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Where I’ve Been … Where I’m Going

Many apologies to all that follow my blog on a regular basis. I’ve meant to post something along these lines for some time now, but the aforementioned time seems to slip from my grasp on a continual basis as the intensity of my language training increases. I have approximately 16 weeks remaining in this 47-week course and there is still much to do to prepare for the Defense Language Proficiency Test (DLPT).

I know I owe a review/interaction with chapter 4 of Denis Lamoureux’s book Evolutionary Creation, but it’s such a darn good chapter, I really want to devote some quality time to the write-up. That may have to wait several more weeks, at which time I get a nice, long 4-day weekend.

In the meantime, I’ll be posting some short blurbs on recent publications and website launches that are of interest to those who follow this blog.

By the way, the picture above is the Lord’s Prayer in Farsi. Enjoy the read.


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From So Simple a Beginning …

Two hundred years ago today, on 12 February 1809, Charles Darwin was born, sharing a birthday with America’s 16th president, Abraham Lincoln.

As the 200th anniversary of Darwin’s birth—and the 150th anniversary of the publication of On the Origin of Species—approached, I wasn’t sure exactly how to celebrate or observe it. I knew that I wanted to post a little tribute to Darwin, but I wanted to do something a little more substantial. So earlier this week, I ordered From So Simple a Beginning: The Four Great Books of Charles Darwin (ed. Edward O. Wilson), a single, hardcover volume (with slipcase!) collecting The Voyage of the Beagle (1839), On the Origin of Species (1859), The Descent of Man (1871), and The Expression of the Emotions in Man and Animals (1872). I felt that I needed to read Darwin’s works firsthand and not settle for someone else’s opinion (misinformed or not) of what Darwin wrote.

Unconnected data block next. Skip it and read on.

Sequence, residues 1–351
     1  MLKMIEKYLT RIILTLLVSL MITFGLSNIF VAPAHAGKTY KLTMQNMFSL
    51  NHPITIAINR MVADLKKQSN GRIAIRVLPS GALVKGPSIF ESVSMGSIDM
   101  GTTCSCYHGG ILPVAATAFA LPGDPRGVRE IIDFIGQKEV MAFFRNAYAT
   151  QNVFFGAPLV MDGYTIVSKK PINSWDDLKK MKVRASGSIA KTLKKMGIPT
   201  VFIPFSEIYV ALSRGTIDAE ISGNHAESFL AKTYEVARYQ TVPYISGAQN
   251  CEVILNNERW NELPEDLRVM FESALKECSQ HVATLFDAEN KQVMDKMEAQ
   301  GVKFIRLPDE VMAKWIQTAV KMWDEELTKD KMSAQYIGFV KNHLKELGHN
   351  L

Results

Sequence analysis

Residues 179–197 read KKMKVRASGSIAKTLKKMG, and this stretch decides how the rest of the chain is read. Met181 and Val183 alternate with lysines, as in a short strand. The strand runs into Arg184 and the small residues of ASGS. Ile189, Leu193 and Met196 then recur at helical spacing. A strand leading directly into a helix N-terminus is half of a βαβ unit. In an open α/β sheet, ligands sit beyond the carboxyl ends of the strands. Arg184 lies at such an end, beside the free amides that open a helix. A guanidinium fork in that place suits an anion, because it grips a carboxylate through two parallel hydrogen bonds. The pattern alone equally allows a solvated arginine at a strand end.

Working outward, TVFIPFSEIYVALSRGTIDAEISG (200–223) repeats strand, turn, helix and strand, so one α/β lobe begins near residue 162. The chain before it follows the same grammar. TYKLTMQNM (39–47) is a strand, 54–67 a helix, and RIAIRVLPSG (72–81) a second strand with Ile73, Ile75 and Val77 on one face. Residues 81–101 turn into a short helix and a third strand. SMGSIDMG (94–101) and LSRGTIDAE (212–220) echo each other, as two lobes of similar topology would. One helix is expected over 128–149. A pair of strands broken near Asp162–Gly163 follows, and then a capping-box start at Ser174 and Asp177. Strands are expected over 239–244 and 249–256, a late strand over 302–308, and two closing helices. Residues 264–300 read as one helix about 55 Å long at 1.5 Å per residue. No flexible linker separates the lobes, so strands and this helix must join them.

As it is with every individual who has contributed immensely to the progress of human civilization, no one knew quite what lay in store for the world the moment Darwin’s tiny body entered the world after 40 weeks of being knit in the womb via an amazing evolutionary process. Just as no one knew young Abe Lincoln would, approximately 54 years later, emancipate an entire community of American slaves through the issuance of two executive orders in 1862 and 1863, no one knew that little Charles Darwin would develop a scientific theory and publish a monumental work that would free mankind from the shackles of scientific ignorance.

Happy birthday, Chuck. I look forward to reading your stuff.

PS — The book arrived on your birthday. Coincidence? I think not.


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Questioning Your Beliefs Critically

Only by critical questioning can I tell whether I am reading into the text, not only my own presuppositions and questions, but also those of my own generation and even those of my own church and religious tradition. Evangelicals have been too afraid of the word “criticism,” when only by critical questioning can I sufficiently disengage myself from my own worldly or religious (even evangelical) tradition to ask: Is this what the Bible is really saying?

— University of Chester (UK) Canon Professor Anthony C. Thiselton, BD, MTh, PhD, DD, DD


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Did You Hear the One About the Galileo, His Bible, and His Telescope?

Galileo Facing the Roman Inquisition by Cristiano Banti (1857)

The Bible is like a telescope. If a man looks through his telescope, then he sees worlds beyond; but if he looks at his telescope, then he does not see anything but that. The Bible is a thing to be looked through, to see that which is beyond.

— Henry Ward Beecher (1813-1887)

Beecher is correct, but only in terms of spiritual or theological matters; when it comes to science, Beecher’s methodology would fail miserably. I know that Beecher didn’t mean to be (mis)understood in this way, but I find it extremely useful to compare the “Beecher Method” with the scientific pseudo-scientific methodologies used by young-earth creationists.